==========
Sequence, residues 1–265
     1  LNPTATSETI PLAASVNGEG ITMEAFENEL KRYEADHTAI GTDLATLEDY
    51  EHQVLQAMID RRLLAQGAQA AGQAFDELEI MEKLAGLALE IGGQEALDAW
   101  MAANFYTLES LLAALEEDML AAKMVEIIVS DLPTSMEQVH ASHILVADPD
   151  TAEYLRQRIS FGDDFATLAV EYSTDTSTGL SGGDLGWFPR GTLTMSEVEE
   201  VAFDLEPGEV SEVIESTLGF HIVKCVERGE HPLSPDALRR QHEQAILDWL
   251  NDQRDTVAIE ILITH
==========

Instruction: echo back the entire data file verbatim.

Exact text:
Sequence, residues 1–265
     1  LNPTATSETI PLAASVNGEG ITMEAFENEL KRYEADHTAI GTDLATLEDY
    51  EHQVLQAMID RRLLAQGAQA AGQAFDELEI MEKLAGLALE IGGQEALDAW
   101  MAANFYTLES LLAALEEDML AAKMVEIIVS DLPTSMEQVH ASHILVADPD
   151  TAEYLRQRIS FGDDFATLAV EYSTDTSTGL SGGDLGWFPR GTLTMSEVEE
   201  VAFDLEPGEV SEVIESTLGF HIVKCVERGE HPLSPDALRR QHEQAILDWL
   251  NDQRDTVAIE ILITH